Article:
Alone (Seuls) first published by SciFiNow
The stylised font of the original French title for Alone, Seuls, raises the second upstroke of the ‘u’ higher than the first, so that it is possible to discern, encoded in the end of the word, the vestiges of Ils, the title of David Moreau’s feature debut (called Them in English) that he co-directed with Xavier Palud back in 2008. Both films may concern the escapades of armed children, but the differences are more striking than the similarities. Where Ils was loosely based on a story ripped straight from the headlines (and converted with great craft to the pure thrills of the home invasion genre), Alone is adapted from Fabien Vehlmann and Bruno Gazzotti’s graphic novel series Seuls, and, far from repeating the intense horror of Them, plays out as a young adult SF(-ish) mystery.
Upset by the ill health of her older brother Aylam, teen Leila (Sofia Lesaffre) distances herself from her friends and parents, and just wants to be alone – but after heading off by herself to a visiting fair, she wakes up to not just a house, but an entire city, that has become eerily deserted overnight. As she and four other isolated children join forces to discover where everyone else has gone and find unexpected friendship in their circumstance (the word in the French title for ‘alone’ is paradoxically plural), a sixth figure observes and occasionally attacks them, while a noxious wall of mist slowly closes in on the empty city.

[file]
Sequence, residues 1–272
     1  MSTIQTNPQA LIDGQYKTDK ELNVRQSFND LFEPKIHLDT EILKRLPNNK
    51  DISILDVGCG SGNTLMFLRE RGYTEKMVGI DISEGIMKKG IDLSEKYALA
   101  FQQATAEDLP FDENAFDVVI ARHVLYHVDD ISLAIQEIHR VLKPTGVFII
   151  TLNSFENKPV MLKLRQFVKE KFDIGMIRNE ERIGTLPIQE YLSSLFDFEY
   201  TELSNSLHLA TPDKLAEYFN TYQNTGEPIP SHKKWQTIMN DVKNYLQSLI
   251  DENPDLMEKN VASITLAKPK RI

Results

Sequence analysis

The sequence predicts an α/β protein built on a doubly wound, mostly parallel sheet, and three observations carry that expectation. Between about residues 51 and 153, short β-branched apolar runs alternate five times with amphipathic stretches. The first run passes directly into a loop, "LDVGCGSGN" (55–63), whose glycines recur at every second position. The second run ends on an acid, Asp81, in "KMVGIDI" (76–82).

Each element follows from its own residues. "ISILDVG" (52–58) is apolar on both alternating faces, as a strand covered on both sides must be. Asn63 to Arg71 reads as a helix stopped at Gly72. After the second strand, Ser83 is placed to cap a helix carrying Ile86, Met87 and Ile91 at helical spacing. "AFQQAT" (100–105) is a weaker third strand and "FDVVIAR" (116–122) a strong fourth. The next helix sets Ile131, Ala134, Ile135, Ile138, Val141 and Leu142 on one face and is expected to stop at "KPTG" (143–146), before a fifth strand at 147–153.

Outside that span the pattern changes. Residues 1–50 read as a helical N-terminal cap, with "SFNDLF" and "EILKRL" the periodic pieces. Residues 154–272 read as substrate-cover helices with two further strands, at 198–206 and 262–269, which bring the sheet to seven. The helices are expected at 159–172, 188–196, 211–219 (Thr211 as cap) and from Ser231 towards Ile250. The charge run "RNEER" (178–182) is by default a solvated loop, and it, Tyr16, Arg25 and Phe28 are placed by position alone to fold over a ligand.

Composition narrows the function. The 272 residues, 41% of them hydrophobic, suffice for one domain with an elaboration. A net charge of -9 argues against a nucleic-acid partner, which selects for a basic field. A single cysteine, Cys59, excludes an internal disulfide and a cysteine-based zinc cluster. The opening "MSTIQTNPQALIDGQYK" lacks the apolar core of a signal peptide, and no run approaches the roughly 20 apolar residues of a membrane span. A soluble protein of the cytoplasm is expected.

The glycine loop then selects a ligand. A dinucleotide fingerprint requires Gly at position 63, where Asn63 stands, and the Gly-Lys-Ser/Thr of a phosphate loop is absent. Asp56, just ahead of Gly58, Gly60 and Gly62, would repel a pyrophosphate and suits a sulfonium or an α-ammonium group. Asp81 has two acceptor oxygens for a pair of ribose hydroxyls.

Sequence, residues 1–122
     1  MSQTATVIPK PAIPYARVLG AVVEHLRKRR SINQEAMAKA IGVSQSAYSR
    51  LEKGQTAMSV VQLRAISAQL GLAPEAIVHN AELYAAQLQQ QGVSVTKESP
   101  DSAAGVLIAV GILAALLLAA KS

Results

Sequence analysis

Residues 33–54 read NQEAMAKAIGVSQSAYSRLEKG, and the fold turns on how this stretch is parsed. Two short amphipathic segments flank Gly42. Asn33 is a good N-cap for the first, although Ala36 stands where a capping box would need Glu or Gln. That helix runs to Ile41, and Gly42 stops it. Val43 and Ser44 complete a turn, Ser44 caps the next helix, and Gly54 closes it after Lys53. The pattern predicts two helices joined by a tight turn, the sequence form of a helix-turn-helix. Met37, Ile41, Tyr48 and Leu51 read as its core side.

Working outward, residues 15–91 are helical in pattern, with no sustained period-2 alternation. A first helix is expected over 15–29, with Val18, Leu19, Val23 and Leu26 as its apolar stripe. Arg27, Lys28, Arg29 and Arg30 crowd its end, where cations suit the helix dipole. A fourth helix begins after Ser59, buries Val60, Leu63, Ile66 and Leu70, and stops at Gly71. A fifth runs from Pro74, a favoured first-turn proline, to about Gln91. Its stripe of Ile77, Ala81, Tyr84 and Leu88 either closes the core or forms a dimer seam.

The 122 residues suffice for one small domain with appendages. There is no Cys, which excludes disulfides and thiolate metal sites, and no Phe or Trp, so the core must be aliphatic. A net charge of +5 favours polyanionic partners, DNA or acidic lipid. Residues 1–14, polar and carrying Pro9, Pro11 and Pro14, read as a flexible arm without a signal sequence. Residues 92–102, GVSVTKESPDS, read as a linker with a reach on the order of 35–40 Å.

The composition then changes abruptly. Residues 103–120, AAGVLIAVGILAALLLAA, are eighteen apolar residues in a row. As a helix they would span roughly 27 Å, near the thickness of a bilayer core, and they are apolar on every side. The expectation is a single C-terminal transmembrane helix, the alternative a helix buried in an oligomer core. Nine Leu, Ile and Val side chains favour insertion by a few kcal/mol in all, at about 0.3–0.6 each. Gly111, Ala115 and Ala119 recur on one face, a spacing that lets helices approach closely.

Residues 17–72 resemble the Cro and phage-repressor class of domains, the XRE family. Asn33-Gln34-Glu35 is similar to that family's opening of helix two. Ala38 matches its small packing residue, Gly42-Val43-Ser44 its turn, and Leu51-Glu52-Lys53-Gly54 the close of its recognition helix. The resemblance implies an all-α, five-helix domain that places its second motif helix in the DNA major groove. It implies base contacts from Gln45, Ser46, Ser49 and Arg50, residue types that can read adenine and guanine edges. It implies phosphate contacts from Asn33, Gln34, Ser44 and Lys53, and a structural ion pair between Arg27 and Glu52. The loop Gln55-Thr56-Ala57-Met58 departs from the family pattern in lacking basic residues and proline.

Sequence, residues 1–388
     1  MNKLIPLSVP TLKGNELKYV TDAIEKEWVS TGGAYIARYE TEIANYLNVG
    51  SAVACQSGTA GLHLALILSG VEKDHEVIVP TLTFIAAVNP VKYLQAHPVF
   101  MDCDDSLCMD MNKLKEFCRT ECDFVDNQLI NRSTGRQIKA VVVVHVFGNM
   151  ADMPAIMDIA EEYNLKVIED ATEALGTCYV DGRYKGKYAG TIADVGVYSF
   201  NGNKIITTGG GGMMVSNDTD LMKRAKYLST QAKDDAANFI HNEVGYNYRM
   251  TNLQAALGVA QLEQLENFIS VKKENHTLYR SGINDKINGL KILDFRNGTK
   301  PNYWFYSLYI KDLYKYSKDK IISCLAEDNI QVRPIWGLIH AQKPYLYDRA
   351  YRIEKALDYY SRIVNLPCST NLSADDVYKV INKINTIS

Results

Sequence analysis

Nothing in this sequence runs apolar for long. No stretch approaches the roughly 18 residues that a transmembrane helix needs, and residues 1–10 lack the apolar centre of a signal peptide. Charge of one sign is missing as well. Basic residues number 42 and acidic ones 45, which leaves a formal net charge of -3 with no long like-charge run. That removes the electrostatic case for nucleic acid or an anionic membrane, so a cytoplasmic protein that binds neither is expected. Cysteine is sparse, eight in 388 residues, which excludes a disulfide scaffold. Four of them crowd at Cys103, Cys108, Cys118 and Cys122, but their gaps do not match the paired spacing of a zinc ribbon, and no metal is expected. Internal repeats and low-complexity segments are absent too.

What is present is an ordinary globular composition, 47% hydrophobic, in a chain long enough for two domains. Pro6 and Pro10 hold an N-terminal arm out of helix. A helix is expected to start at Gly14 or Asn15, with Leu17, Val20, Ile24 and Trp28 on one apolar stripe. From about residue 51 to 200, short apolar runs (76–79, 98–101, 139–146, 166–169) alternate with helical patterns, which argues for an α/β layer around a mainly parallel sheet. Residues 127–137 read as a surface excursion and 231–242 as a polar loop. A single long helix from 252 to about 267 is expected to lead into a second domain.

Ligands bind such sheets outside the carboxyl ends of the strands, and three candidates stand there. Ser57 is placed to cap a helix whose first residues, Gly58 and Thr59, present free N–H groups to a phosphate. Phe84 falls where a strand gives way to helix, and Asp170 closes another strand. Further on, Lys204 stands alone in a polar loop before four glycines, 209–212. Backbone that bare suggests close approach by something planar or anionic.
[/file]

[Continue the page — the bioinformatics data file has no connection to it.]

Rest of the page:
Alone is no doubt intended to be the cinematic equivalent of the amusement ride that Leila takes at the film’s beginning – but it is all a little too flat and unengaging to be genuinely thrilling, while the explanation offered near the end for what is really going on is a little too similar to the premise of other, better films (I won’t spoil by naming them here) to blow any viewer’s mind. There is real ambition in showing young children being confronted with the realities and ramifications of death before their time, but the double-twist pulled off at the film’s end, as a theological frame is introduced only to be undercut by a political one, is as baffling as it is unsatisfying.
strap: David Moreau’s pre-adult, post-apocalyptic mystery follows five children in search of an authority.